Friday, January 04, 2019

Free Money or Free Access

The first Muslim caliph, Abu Bakr (573-634 CE),  introduced a guaranteed minimum standard of income, granting each man, woman, and child ten dirhams annually; this was later increased to twenty dirhams. Thomas Paine advocated a citizen's dividend to all US citizens as compensation for "loss of his or her natural inheritance, by the introduction of the system of landed property" (Agrarian Justice, 1795). Napoleon Bonaparte echoed Paine's sentiments and commented that 'man is entitled by birthright to a share of the Earth's produce sufficient to fill the needs of his existence'. Nevertheless, no country has actually implemented such a system nationally.

When both left and right wingers agree on an economic policy, workers should begin to worry and wonder why their exists a consensus. At present, the State already gives the poor 'free money' but conditional, means -testing on being sufficiently unfit for work or seemingly actively seeking work. Many who frequent the "progressive" websites will have encountered advocates of the Universal Basic Income. There are as many types of universal income as there are people promoting them. They differ mainly by their degree of unconditionality, their amounts, their degree of substitution for social security and their method of financing.  Such systems, even if watered down, entails the risk of lower wages. One can certainly devise unconditional income formulas that, by departing from the principle of hard unconditionality advocated by its promoters, can be conceived without affecting social protections too much. But when the Left subscribes to this perspective, it loses its compass and deserts the battlefield of the conflict between capital and labour. 

 The rise in automation and of robotics at work could lead to a large increase in unemployment, some countries and cities are experimenting with universal basic income. This replacement for in-work and unemployment benefits grants all citizens a minimum income. Why are governments and political parties considering UBI more seriously? We are entering a period when capitalism and the governments that represent its interests are increasing the rate of exploitation and reducing the level of social provision.Fearing social unrest due to unemployment and inequality there are leading businessmen who share an enthusiasm for basic income policy yet the Universal Basic Income will be no panacea and the fight decent living standards will continue out of necessity.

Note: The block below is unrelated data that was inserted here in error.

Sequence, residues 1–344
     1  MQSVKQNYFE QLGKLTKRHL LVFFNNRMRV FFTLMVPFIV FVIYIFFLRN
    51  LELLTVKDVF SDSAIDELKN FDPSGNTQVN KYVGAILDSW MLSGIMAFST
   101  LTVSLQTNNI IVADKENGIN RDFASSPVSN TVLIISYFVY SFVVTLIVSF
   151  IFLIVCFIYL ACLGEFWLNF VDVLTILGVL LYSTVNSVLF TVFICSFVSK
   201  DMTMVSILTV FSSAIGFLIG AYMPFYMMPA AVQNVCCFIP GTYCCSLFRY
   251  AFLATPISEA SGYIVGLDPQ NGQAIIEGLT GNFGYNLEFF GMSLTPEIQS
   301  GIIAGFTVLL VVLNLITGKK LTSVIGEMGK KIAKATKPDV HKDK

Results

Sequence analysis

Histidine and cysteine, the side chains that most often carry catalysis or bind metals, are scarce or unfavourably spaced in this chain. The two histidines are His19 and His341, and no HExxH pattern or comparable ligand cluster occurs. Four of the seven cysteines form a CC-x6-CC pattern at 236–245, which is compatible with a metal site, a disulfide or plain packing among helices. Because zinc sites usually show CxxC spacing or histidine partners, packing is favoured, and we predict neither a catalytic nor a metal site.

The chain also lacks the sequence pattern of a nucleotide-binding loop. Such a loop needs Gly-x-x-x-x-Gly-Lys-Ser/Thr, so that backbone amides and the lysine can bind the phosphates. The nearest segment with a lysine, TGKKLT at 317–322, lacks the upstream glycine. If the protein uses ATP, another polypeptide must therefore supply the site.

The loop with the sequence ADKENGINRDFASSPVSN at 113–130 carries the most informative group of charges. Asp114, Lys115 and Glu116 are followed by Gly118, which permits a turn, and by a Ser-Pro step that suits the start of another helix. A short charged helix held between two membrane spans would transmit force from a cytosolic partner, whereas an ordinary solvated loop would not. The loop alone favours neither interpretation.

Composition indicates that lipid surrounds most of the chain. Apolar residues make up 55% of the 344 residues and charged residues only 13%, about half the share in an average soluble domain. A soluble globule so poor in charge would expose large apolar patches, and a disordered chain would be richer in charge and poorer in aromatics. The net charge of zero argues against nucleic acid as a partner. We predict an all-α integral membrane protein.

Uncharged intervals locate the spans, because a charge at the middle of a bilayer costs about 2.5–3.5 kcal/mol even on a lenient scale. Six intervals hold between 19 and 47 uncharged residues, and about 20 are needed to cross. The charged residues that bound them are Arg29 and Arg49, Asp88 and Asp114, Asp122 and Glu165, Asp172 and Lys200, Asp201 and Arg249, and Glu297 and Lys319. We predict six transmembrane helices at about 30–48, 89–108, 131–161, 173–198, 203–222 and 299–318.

Those who advocate the UBI make the assumption that if the government gives everybody, working or not, a regular income this is not going to have an effect on wage levels? They seem to be assuming that this would be in addition to income from work whereas what is likely to happen is that it would exert a huge downward pressure on wages and that over time real wages would on average fall by the amount of the "basic" income. The very idea of a basic level of income is about establishing a floor and many proponents are determined to locate that floor in the basement. A low and inadequate social minimum seems to them a great way to drive people into deeper poverty. While even the best basic income policy only sets a floor below which poverty cannot fall, union militancy strengthens labour’s hand to demand ever-greater wages and better conditions. A basic income scheme will be used to undermine social and public services, and to provide a subsidy to employers that will drive down wages and workers bargaining power.

If the UBI is introduced it will be in the form that is acceptable to the ruling class and for the purpose of mitigating the cost of the up-keep of the increasing and unavoidable numbers of casualties of the class war, automation being one field of battle. The capitalists and their State need us to be impoverished, indebted and enslaved.  Would a basic income remove this or just create a new form of dependency? Any UBI will always be framed within the tight parameters that capitalism will permit a reform which will only be passed if it fits in with the agenda of the employing class, will have sufficient built-in constraints  that it will fail to satisfy the expectations and hopes of our fellow workers and as the reform was made in the name of "socialism" and promoted by those calling themselves "socialists" then the subsequent disillusionment and disappointment will not be with capitalism and the owning class but with the actual idea of socialism and those recognised to be "socialists".

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